Job Search Tips -- (8) “Toot Your Own Horn or the Same Shall Remain Untooted”
There was a judge I knew a long time ago who used to offer that advice to young lawyers. He's got a good point. Still...
You can't toot too loudly without turning people off. The question of how much to toot is a particularly touchy one in job interviews. In a job interview, you are making a pitch, and the item being pitched is you. The point of the exercise is to sell, but it goes against all that you have learned about good manners to sell yourself too hard, does it not?
I was responsible for hiring for a writing center of a large accounting/consulting firm for a time. So I have been on both sides of the job interview table. My tip is to aim to find indirect ways of tooting your own horn in job interviews. Interviewers understand that a certain measure of bragging is required. Still, it doesn't sound right when someone is too obvious in singing his or her own praises. When this is done in the wrong way, the interviewer can't help but wonder if the job candidate is too self-absorbed to be successful working with others.
The solution is for the job candidate to put forward illustrations of how he or she performed well as part of a team (along with a limited number of accounts of personal triumphs, of course). If the candidate says "The four of us at first didn't see how it would be possible to complete the project in three days, but we all felt a sense of elation when we walked out of the building at midnight of the last of the three days knowing we had done good work," the message conveyed is--this person has a success drive but also appreciates the contributions made by others.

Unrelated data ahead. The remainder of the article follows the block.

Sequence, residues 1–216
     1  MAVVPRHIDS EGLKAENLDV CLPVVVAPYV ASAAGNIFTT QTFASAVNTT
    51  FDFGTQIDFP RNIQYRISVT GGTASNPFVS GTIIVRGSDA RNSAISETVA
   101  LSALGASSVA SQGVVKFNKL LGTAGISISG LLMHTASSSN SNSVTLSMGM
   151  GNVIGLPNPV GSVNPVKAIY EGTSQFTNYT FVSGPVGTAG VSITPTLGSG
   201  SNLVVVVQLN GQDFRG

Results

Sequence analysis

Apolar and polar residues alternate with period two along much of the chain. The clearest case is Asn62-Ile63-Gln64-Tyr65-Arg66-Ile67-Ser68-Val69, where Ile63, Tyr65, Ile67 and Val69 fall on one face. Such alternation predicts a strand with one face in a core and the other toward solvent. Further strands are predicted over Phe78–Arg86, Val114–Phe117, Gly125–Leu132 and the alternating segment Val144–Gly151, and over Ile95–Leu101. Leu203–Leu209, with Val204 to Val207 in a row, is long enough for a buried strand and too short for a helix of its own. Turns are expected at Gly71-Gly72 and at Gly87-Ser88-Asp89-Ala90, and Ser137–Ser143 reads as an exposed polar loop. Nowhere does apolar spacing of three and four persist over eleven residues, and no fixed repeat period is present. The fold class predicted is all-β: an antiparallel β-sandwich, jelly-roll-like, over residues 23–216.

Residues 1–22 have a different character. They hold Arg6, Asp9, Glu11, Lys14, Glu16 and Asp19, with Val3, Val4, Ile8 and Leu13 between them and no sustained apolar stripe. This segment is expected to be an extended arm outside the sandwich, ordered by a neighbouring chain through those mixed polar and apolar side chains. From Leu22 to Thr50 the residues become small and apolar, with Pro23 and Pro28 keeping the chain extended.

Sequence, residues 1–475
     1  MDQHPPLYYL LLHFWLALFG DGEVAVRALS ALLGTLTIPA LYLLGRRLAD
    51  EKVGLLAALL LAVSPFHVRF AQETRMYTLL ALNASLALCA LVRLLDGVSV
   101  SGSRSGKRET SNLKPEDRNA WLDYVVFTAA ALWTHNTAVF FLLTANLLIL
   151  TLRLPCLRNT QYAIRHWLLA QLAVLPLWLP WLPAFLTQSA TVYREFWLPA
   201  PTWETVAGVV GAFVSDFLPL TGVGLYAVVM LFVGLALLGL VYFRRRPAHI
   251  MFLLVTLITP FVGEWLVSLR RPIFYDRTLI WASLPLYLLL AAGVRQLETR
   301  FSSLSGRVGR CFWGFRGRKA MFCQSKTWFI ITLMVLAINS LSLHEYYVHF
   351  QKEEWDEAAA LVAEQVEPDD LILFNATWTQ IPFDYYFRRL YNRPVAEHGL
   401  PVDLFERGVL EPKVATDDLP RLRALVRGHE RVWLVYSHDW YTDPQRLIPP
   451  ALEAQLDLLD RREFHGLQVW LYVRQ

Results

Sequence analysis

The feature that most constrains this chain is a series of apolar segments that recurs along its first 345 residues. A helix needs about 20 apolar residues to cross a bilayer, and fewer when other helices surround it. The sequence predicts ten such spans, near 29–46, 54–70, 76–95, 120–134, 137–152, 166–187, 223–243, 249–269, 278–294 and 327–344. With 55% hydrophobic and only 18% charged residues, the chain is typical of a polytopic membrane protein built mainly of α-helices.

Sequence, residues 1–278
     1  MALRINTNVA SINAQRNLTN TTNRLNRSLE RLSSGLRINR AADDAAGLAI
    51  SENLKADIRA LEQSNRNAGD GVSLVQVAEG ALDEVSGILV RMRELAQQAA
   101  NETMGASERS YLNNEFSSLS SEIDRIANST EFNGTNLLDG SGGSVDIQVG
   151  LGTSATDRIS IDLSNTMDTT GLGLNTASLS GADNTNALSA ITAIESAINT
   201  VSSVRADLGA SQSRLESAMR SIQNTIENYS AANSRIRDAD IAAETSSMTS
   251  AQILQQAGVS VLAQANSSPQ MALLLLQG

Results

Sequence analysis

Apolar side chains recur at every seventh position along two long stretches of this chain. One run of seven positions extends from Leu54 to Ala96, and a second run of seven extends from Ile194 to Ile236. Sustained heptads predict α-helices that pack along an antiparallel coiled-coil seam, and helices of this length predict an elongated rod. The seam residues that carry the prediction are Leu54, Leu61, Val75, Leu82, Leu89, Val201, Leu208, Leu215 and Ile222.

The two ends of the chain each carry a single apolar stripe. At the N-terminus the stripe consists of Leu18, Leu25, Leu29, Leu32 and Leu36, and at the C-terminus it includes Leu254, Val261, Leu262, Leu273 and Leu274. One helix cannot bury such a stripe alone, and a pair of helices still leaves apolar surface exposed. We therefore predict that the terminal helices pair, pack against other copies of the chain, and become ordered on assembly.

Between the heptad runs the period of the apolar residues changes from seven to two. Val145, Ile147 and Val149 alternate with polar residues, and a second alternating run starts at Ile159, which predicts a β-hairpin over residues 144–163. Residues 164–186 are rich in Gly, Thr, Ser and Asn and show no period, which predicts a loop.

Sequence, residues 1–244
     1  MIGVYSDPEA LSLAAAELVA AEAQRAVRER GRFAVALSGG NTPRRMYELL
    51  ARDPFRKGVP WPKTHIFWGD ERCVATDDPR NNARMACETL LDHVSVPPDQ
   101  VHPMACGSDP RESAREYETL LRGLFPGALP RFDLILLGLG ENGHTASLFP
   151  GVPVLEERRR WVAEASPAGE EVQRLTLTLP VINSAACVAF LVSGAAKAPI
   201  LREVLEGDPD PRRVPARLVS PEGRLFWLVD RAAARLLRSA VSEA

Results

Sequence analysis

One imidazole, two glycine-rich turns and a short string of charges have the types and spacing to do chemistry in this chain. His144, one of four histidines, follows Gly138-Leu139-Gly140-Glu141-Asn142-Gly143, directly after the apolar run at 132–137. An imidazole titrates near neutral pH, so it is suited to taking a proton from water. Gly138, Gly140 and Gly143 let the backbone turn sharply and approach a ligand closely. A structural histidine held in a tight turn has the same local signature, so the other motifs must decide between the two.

Job Search Tips -- (9) You Know It’s Time to Make a Career Change When...
1) A friend you haven't seen in a long time pays a visit. When the conversation turns to the question of what you do for a living nowadays, you find yourself making an effort to change the subject;
2) You are working on a project and an obstacle comes up that you can solve in one of two ways: (a) you can provide a quick fix, which leads to bad long-term results; or (b) you can go to the extra effort of doing the job right. You've always been a person who took pride in your work. But this time you find yourself wondering whether it is really so wrong just to provide a patch since probably no one will ever know that that is what you did;
3) You feel envious of several people making less money than you; and/or
4) You become annoyed when people compliment you on your success.